TERN has added 24 more permanent plots to its national network of over 600 ecosystem surveillance sites. The new sites just added in Far North Queensland mean that TERN now provides open-access to environmental data and samples from 85% of Australia’s major terrestrial vegetation groups and over 50% of the nation’s bioregions.
TERN took another step closer to surveying and establishing permanent research sites in all of Australia’s major terrestrial vegetation groups with the recent creation of 24 Ecosystem Surveillance sites on the Cape York Peninsula.
Emrys Leitch surveying the Melaleuca Woodlands at TERN’s 600th Ecosystem Surveillance site close to the northernmost tip of the Australian mainland on Cape York (left) and, no they’re not spices, they’re the soil samples collected from Cape York and added to TERN’s Ecosystem Sample Library for researcher use
The July 2018 trip to Far North Queensland is the fourth TERN ecosystem survey of 2018, following the expansion of Australia’s alpine region research infrastructure in January, and the filling of important climate and bioregion data gaps in western New South Wales in May.
Gap filling Australia’s veg groups and bioregions
TERN’s ecosystem survey work during 2018 has had the specific goal of collecting data in previously unsampled vegetation groups and bioregions.
TERN has now surveyed 26 of Australia’s 32 major vegetation groups (MVG), as classified by the National Vegetation Information System (NVIS). (Two of the remaining six unsampled groups are aquatic ecosystems and outside the scope—being Australia’s land observatory.)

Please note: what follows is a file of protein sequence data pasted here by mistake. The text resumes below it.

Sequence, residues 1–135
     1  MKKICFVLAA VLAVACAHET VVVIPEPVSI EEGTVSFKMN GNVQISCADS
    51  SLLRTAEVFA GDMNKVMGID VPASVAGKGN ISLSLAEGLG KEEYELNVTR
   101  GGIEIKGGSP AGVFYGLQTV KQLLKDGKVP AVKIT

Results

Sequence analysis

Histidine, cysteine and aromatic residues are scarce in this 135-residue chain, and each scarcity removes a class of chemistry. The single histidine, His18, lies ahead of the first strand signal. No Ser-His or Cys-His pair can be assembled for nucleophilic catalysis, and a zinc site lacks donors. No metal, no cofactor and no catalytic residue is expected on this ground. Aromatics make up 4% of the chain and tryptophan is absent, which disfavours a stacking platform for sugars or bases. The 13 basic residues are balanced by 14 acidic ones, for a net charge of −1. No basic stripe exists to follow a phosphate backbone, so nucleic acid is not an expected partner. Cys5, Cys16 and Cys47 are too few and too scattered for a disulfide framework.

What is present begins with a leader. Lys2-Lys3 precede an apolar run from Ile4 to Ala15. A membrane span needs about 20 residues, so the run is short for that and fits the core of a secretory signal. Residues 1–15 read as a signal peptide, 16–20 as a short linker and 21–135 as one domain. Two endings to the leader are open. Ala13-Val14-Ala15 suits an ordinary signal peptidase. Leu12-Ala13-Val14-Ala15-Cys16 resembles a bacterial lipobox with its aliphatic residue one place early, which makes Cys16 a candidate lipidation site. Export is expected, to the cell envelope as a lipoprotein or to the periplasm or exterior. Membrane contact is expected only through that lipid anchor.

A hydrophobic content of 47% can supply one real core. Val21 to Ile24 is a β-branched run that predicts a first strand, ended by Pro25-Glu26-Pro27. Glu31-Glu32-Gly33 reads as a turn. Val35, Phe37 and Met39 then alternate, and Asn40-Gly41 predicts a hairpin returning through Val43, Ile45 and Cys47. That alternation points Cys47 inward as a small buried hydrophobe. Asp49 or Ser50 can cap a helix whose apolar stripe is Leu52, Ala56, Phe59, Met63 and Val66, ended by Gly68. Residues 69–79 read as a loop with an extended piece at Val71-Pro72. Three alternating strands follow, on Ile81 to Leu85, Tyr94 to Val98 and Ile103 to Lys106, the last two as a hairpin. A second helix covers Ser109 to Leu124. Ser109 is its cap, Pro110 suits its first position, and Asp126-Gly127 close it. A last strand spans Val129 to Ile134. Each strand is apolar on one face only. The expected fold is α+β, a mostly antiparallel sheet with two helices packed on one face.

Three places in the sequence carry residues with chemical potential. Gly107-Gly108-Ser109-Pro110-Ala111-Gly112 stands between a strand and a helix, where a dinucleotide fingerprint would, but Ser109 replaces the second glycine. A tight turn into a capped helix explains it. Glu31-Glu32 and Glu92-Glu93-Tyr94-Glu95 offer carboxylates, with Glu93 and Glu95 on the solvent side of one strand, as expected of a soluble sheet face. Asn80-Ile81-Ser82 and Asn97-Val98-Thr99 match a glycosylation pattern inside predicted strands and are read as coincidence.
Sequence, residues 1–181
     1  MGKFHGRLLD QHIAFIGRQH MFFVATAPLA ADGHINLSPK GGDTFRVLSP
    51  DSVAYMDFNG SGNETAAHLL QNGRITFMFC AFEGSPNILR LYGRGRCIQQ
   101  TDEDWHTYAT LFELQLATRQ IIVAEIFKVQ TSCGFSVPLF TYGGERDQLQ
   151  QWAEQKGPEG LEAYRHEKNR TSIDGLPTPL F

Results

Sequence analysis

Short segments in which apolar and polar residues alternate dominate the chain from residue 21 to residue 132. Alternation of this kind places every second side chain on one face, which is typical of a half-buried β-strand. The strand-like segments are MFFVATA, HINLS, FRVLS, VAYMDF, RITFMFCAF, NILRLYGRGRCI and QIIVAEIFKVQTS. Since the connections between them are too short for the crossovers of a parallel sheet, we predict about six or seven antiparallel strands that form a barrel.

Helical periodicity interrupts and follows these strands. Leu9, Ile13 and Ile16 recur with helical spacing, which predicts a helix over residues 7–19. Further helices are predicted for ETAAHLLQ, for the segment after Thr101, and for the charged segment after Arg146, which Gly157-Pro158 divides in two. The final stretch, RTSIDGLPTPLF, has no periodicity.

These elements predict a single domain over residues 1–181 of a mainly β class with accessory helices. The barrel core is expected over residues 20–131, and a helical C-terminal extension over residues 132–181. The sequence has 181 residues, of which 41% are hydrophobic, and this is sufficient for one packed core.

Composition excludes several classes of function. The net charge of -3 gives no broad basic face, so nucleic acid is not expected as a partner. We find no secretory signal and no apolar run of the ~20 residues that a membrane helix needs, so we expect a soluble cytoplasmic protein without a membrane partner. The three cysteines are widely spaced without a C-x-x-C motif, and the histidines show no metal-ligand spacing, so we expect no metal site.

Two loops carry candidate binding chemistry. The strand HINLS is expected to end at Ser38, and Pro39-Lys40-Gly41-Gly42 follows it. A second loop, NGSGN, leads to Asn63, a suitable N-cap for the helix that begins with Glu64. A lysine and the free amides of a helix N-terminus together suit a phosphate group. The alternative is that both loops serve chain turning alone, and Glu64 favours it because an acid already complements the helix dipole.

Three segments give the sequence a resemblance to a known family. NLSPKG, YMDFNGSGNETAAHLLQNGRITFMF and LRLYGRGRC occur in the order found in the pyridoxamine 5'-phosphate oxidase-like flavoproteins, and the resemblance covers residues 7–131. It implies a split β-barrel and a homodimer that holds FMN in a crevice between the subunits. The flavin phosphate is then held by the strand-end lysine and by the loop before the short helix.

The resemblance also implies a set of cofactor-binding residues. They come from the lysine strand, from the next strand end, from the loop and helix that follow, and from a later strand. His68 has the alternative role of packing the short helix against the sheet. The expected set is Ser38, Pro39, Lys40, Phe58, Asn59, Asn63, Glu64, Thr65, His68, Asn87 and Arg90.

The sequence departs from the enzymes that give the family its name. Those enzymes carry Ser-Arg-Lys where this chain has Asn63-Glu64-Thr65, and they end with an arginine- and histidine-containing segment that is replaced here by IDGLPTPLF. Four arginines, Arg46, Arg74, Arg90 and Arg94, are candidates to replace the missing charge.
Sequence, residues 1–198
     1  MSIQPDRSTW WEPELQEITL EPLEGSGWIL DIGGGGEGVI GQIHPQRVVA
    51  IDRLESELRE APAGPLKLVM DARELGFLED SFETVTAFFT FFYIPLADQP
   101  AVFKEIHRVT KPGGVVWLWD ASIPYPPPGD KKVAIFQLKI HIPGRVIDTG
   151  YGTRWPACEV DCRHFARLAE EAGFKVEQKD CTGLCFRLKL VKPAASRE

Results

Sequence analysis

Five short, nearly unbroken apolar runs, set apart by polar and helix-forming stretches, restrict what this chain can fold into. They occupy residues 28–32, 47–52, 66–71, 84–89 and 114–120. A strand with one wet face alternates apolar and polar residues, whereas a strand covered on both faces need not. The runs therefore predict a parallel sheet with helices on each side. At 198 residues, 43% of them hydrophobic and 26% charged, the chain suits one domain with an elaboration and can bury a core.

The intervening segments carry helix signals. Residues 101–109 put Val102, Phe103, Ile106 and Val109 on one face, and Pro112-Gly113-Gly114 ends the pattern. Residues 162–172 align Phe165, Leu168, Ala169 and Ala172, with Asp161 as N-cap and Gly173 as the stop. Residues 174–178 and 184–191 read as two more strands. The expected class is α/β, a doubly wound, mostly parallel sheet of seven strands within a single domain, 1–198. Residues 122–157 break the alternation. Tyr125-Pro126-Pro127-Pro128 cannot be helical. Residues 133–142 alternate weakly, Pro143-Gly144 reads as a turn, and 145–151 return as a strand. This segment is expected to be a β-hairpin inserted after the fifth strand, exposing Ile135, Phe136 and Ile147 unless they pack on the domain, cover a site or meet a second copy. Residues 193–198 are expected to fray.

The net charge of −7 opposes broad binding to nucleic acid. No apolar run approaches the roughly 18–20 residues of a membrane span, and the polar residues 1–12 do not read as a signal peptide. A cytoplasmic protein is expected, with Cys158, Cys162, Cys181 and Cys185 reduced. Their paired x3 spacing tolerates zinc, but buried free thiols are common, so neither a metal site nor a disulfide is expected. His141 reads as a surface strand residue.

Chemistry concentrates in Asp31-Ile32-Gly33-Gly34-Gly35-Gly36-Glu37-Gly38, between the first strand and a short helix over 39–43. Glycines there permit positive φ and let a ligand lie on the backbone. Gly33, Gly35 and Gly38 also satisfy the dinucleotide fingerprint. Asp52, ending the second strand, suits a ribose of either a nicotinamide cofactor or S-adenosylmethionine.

TERN continues to deliver useful data and ecosystem samples from bioregions for which there is very little information. We now provide open-access data and vegetation and soil samples from 62 of the nation’s 89 Interim Biogeographic Regionalisation for Australia (IBRA) bioregions.
Sampling across climatic envelopes
The number of ecosystem surveillance plots sampled using TERN’s landmark AusPlots methodology has expanded significantly over the past 7 years. TERN now has a representative spread of sites across Australia spanning a wide range of climates.
Sampling across climatic zones is an important consideration in TERN’s site selection process. TERN’s Dr Greg Guerin, based at the University of Adelaide, is helping to refine our methods for filling information gaps by making sure our network of ecosystem surveillance sites represents the range of climates, soil types and vegetation communities present throughout Australia.
TERNing our attention to site revisits
Now that we’ve plugged some of the major holes in our coverage of this wide brown land, TERN’s field team is turning its attention to revisiting sites to add temporal depth to the data.
In fact, just last week they were hard at work resampling sites along TERN’s continental-scale monitoring transect in South Australia (TREND). Once those sites along the TREND (Transect for Environmental Monitoring and Decision-Making) are complete, TERN will have revisited over 100 plots.
Keep an eye out in forthcoming newsletters for more on these site revisits as we bring you some fascinating stories of environmental change over the past decade.
TERN samples some of Australia’s most remote environments, but sometimes the going can get too tough for Lucy the TERN Landcruiser and that’s exactly why we identify more sites than we need before leaving home! Check out our piece on an innovative data solution for when your field work doesn’t go to plan.